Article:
The installations housed fighter jets that were presumably used to attack Iran’s consulate in Damascus on April 1, killing seven high-ranking Iranian military officers. 

Nine missiles means that certainly more than one percent of the missiles and drones landed without being intercepted. Later, Israeli newspaper Maariv cited an interception success rate figure of 84 percent.   


Signal of War Risk

Regardless of the number, Iran established that its era of “strategic patience” is over. The concept refers to Iran’s avoidance of responding to Israeli attacks. In doing so, Iran reconfigured the unspoken strategic deterrence understanding with Israel. The reconfiguration has proved in favor of Iran, especially when the Israeli response was so muted.

Iran could have easily avoided responding to the attack on its embassy in Damascus. It could have plausibly claimed that the officers who were killed were in fact in a building adjacent to the embassy and that it did not constitute an attack on the embassy per se. The building was part of the embassy complex. 

Iran used the attack to teach Israel a lesson and to send a signal to the U.S. that it is now willing to risk a war by directly responding to Israeli attacks and provocations —  and from Iranian territory itself.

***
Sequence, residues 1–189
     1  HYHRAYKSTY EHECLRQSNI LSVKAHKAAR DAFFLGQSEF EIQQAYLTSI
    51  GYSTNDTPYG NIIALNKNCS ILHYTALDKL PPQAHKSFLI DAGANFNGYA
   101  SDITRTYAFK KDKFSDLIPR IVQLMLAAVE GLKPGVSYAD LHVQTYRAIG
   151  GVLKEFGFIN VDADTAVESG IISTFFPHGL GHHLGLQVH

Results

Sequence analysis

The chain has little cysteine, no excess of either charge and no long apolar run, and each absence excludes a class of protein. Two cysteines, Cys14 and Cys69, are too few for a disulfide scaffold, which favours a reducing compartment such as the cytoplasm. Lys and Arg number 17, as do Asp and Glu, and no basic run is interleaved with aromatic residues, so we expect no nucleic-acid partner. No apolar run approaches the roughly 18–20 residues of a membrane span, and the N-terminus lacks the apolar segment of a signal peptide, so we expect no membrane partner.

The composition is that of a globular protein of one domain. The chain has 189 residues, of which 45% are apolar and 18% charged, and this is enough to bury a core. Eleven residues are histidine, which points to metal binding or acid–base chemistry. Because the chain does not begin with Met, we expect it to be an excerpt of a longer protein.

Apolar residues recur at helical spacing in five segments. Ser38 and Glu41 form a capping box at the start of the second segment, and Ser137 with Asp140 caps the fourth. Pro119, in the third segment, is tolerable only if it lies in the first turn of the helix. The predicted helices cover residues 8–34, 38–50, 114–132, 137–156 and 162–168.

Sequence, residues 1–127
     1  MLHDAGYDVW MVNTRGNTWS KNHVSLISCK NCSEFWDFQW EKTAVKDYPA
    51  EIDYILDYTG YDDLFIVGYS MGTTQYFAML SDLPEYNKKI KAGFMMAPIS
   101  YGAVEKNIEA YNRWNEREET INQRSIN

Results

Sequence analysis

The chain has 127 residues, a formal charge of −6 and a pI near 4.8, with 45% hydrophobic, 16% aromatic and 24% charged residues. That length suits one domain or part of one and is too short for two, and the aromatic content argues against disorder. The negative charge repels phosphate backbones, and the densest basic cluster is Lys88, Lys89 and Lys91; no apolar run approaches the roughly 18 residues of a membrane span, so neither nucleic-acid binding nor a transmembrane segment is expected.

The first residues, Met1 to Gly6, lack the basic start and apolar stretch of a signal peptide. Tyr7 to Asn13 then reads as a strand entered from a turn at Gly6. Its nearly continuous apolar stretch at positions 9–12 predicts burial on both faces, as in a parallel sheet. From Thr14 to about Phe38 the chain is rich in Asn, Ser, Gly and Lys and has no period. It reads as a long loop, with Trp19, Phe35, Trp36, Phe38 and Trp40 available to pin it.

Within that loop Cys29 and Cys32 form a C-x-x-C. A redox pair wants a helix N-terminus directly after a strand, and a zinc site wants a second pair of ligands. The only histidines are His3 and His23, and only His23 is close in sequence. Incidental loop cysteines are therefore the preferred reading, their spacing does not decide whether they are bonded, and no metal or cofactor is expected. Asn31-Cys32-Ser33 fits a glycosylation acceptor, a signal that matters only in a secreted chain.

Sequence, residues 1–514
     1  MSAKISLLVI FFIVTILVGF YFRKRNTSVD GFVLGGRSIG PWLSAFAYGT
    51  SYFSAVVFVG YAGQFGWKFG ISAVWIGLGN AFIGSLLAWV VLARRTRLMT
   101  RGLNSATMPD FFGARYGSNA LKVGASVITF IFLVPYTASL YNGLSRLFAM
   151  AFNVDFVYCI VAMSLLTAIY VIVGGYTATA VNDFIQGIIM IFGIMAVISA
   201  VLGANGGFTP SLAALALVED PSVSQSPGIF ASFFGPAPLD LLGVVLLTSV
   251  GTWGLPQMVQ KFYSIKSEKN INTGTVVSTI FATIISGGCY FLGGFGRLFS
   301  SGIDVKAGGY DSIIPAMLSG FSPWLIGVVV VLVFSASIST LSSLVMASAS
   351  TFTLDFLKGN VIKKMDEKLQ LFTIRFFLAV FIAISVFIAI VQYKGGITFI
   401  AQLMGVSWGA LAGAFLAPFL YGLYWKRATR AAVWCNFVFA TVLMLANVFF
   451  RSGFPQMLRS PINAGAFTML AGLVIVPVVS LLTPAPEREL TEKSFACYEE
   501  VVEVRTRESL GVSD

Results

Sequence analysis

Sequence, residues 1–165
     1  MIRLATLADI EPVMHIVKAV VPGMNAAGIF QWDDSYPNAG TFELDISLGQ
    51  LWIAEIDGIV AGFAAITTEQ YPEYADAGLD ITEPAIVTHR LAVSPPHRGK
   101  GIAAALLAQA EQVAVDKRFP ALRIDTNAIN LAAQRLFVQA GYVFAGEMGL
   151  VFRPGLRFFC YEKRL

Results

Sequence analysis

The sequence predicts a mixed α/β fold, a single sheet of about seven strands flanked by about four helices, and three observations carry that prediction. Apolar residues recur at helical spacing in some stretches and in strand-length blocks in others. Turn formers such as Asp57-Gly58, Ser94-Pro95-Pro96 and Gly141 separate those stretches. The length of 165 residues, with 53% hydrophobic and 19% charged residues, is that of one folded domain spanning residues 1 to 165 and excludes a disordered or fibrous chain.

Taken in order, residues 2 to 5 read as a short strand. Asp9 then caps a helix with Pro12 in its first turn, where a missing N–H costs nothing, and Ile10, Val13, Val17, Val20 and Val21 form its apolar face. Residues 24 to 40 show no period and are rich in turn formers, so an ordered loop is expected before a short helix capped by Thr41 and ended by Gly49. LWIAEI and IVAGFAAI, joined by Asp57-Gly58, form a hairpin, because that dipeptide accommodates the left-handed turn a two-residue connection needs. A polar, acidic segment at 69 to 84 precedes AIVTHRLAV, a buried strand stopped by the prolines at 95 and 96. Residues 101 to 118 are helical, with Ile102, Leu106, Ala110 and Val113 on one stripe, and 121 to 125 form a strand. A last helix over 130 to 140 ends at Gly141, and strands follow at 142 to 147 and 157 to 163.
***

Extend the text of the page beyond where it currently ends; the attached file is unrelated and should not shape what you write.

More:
By responding from inside Iranian, Tehran was informing the world that it alone will undertake reprisals and retaliation against Israeli attacks on its interests. 

In the past, the U.S. and its allies insisted that Iranian proxies existed merely to defend Iran and to attack its enemies to avenge it.  Days before the attack, Hizbullah leader Hasan Nasrallah gave a speech in which he announced the continuation of resistance attacks on Israel in solidarity with Gaza. 

But he also made it clear retaliatory actions after the Israeli attacks on the Iranian embassy was Iran’s business and not his party’s. The lines were drawn between the different parties bestowing national characteristics on each element of the resistance axis.